FRANKFORT, Ky. (KT) – The Kentucky Supreme Court on Thursday unanimously reversed a local court ruling, which stated a man jailed for 14 months in Clark County who later had his charges dismissed, still had to pay for the costs of his incarceration.
According to the 12-page decision, David Jones was arrested and booked into the Clark County Detention Center. As is permitted by state law, the jail charged Jones a $35 booking fee, a $10 fee for his first day’s room and board, and a $5 fee for a hygiene kit.
The CCDC continued to charge Jones a $10 per diem fee for room and board until Jones posted bond on Dec. 15, 2014. He was also charged $2.69 for each hygiene kit he received during his confinement. While he was jailed, the CCDC automatically deducted $256.44 from his canteen account.
At the time of his release in December 2014, Jones owed the CCDC $4,008.85 in fees. Jones paid $20 toward the accumulated debt before being advised to stop by counsel. On April 2, 2015, all the criminal charges against Jones were dismissed without prejudice.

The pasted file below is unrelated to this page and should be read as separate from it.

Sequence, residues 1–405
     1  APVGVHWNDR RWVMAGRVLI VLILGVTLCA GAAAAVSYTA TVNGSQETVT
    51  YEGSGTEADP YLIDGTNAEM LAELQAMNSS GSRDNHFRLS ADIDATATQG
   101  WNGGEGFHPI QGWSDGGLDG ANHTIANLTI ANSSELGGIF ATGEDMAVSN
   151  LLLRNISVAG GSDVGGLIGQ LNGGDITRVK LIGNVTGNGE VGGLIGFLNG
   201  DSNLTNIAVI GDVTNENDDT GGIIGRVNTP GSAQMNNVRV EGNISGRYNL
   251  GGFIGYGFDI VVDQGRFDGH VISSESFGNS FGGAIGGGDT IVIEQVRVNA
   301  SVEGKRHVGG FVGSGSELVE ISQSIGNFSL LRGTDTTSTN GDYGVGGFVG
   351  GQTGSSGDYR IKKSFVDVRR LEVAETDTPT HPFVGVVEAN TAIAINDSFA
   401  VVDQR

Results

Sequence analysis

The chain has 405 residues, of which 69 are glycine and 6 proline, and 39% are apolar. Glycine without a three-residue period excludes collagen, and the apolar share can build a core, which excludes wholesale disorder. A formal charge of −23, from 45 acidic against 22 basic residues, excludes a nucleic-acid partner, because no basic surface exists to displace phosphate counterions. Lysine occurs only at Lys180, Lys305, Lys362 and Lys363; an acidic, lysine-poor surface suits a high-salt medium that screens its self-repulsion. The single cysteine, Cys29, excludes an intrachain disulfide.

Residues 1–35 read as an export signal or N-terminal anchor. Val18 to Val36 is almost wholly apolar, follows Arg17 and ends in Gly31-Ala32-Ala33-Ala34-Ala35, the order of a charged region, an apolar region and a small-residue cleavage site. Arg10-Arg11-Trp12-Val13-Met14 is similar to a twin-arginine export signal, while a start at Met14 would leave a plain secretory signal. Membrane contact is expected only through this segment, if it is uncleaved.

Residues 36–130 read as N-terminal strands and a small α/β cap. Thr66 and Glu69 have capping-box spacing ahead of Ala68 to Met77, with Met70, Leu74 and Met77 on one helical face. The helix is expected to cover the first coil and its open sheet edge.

In a lawsuit filed at Clark Circuit Court, Jones claimed state law did not permit the CCDC to bill a former prisoner for the cost of his confinement when all charges against the prisoner had been dismissed, and that the assessment of such fees violated the Kentucky Constitution.
The trial court judge ruled against Jones and said he must pay the fees, which was upheld by the Kentucky Court of Appeals.
The high court said, according to state law, “the sentencing court” has the authority to order the payment of fees associated with incarceration of a prisoner in a county jail. The inclusion of “sentencing court” implies that a criminal conviction occurred since without a conviction there would be no need for a sentencing court.
“Jones was never convicted,” the justices said. “All charges against him were dropped. As a result, he was never brought before a sentencing court in this matter. Jones was never ordered by a sentencing court to pay any of the fees associated with his incarceration and no order was ever pursued by the CCDC.”
The high court concluded, “Therefore, the jail, in violation of the statute, issued the $4,008.85 bill to Jones. Additionally, the CCDC erred in not refunding Jones the $256.44 plus the $20 for a total of $276.44.”
The matter was sent back to Clark Circuit Court, for further action consistent with the Supreme Court ruling.